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Readers share memories of Christmas past

Keeping Baby Jesus warm

I remember this Nativity from my childhood. This picture (at right) was taken of me by my mother. I was two years old (1952) at the time and do remember clearly how my mother, Dorothy Ackerman, was very concerned that I not touch anything when she went out on the front porch to take the picture.
A few years later, and for years to come, we would move Baby Jesus back and forth in the stable. Mom would move Baby Jesus to the front of the stable -- so we could see Jesus better. I would move Baby Jesus back into the back of the stable with the cow breathing on Baby Jesus to keep him warm.
Several years ago, Mom gave me the Nativity. It’s under my tree now, and yes, Baby Jesus is warm.
The Nativity, with all its “bumps and bruises,” sits next to the wood-carved Nativity that my husband, Dennis, and I bought in 1969, for our first Christmas, in Germany.
Joan Wilson

Praying for the boys to come home

One of my most memorable Christmases was back in the 40s.  
The war was on, there was rationing, we were praying for our local boys to be safe and come home.  The nuns put each service man’s name on a “holy card”.
Each week we prayed especially for the name we drew.  None of us wanted anything to happen on our prayer watch!  All of the WWII boys from St. Peter’s, Schulte, returned safely!
During that Christmas season I remember we “girl angels” processed to the crib.  The angel wearing white (my cousin, Donna) carried and placed the Christ Child in the waiting crib.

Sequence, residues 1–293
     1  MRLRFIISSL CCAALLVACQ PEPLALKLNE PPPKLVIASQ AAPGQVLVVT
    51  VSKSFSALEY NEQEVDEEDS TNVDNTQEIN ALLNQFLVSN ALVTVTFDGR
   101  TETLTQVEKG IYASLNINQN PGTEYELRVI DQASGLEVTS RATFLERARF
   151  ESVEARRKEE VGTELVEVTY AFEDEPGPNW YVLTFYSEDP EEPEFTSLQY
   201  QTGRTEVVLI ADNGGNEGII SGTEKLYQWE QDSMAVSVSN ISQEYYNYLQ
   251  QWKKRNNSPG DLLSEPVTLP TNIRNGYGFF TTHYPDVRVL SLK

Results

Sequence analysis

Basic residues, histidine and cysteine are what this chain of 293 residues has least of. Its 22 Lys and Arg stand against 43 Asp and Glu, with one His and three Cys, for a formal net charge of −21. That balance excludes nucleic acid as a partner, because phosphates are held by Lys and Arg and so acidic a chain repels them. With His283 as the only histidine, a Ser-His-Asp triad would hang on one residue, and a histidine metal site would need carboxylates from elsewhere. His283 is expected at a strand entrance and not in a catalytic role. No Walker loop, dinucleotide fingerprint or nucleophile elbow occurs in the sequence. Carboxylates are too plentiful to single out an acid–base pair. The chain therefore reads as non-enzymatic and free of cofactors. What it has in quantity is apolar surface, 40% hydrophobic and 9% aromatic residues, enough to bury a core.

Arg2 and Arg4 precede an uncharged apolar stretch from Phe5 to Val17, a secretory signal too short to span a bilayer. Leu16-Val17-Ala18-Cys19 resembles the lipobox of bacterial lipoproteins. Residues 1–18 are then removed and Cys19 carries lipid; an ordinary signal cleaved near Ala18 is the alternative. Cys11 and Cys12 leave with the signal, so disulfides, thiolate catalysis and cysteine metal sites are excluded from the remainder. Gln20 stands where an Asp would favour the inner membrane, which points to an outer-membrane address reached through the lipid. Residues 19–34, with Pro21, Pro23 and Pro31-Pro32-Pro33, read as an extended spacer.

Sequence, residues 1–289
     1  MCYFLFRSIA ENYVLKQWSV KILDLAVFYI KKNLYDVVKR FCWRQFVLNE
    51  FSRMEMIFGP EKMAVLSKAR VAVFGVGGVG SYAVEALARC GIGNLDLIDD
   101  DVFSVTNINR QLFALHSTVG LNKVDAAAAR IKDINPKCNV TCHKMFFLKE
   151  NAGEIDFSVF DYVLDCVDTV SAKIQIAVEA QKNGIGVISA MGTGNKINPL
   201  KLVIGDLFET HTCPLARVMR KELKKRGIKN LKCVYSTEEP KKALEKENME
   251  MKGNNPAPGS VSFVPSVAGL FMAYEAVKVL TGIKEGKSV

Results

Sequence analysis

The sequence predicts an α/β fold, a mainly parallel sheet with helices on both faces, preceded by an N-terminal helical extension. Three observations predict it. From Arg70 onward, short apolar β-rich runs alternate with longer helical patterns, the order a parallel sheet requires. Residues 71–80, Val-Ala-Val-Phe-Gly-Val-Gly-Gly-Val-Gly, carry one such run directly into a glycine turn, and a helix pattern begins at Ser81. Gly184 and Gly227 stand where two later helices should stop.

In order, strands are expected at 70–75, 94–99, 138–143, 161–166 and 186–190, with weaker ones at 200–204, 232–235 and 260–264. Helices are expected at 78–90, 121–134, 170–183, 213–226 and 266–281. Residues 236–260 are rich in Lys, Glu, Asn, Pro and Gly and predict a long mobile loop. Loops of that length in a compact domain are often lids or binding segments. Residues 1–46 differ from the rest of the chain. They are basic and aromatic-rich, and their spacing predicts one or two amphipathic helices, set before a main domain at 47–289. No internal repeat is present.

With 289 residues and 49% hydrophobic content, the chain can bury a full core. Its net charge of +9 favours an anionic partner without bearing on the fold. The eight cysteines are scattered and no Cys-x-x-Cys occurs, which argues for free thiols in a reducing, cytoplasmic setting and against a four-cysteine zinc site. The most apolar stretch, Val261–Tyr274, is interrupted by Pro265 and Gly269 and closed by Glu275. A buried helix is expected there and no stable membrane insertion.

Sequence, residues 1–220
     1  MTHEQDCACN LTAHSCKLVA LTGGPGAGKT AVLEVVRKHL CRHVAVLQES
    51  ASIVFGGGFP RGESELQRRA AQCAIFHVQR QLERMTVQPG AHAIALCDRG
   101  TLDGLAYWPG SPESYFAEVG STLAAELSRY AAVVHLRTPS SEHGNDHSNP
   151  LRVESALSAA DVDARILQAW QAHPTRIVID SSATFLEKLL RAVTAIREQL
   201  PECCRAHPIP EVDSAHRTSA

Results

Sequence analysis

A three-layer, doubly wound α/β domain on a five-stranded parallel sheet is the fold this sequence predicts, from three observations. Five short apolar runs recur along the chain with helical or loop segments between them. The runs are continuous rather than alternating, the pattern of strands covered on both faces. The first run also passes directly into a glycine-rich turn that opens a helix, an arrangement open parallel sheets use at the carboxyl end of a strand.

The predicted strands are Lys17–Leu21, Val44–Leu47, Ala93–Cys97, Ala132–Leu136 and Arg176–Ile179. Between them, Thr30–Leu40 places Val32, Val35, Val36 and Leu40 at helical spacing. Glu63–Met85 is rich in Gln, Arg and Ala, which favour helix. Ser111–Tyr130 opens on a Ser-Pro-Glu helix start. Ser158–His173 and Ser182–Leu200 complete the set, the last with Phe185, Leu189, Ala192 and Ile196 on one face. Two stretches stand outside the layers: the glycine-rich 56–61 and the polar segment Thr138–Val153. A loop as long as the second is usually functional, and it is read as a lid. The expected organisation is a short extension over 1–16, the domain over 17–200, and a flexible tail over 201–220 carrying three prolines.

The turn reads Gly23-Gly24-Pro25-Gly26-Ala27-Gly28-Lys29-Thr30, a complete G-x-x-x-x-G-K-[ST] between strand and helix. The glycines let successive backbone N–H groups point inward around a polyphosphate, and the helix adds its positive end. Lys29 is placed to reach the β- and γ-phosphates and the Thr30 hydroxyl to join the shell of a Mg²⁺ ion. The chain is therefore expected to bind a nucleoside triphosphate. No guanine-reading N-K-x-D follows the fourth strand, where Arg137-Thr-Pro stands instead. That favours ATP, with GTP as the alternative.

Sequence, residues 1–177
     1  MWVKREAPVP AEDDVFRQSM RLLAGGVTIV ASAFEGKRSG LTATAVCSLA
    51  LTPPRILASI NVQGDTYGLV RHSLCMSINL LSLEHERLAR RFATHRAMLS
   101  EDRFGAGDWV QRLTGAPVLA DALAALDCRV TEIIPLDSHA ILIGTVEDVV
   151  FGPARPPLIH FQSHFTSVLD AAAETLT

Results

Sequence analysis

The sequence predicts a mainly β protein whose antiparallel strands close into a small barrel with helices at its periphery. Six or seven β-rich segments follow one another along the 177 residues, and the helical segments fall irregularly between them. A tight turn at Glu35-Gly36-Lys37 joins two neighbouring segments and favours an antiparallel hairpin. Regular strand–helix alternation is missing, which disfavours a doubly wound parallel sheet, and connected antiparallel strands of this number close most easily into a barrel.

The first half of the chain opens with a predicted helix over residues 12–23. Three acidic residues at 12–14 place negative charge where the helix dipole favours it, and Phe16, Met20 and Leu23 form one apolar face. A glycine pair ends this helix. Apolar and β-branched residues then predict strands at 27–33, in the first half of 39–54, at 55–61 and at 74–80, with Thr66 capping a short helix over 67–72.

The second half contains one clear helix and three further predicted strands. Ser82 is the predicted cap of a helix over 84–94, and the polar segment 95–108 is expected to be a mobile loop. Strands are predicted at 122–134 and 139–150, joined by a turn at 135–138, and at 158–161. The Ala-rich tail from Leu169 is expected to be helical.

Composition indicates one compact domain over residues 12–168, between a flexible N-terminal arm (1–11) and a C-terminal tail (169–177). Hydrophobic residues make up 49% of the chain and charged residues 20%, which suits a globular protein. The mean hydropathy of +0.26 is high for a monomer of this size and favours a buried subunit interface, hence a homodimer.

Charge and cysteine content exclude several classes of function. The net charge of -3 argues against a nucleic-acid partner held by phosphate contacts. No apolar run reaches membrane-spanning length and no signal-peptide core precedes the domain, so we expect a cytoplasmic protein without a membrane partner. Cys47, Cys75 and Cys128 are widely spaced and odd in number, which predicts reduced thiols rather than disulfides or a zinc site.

Mom made my cousin, Bonnie and me angel dresses out of “rit dyed” sheets with net overlay (material was hard to come by in the 40s).  Ours were purple and lavender. The other angels were blue and yellow.  Tinsel was used for halos and wings.  
Funny, I have no idea what “Santa” brought that Christmas but will always remember that Midnight Mass.   
Charlotte (Becker) Ringer
Medicine Lodge

'I knew Santa would find me...'

When I was six we moved from Great Bend to Pueblo, Colorado when my dad was transferred. That was okay by me because my grandmother lived up in the mountains about 50 miles west of there, and I loved her dearly.
The following Christmas in 1960 we went to have Christmas at her house. Even though I loved her so much, I remember being so upset. I thought that Santa wouldn’t leave me any presents if I wasn’t at home. I even thought he might get lost trying to find me way up in the mountains.
That day we all piled into our old station wagon. I was still so upset. The sun was just setting and it was beautiful driving into the mountains that were covered with snow.
It was dark when we arrived, and her little house was all lit up like a Christmas tree. It wasn’t Christmas lights, but just the lights of her house shining through the snow and trees. I’ll never forget how beautiful it was.      
Inside she had apple cider heating on a big iron stove, and there was a big tree all decorated in the corner. We sang carols and we each shared something that we were thankful to the baby Jesus for. It was so beautiful. And I knew that Santa would find me in such a wonderful place.
Jenny Glenn
Colorado Springs

Diocese of Dodge City

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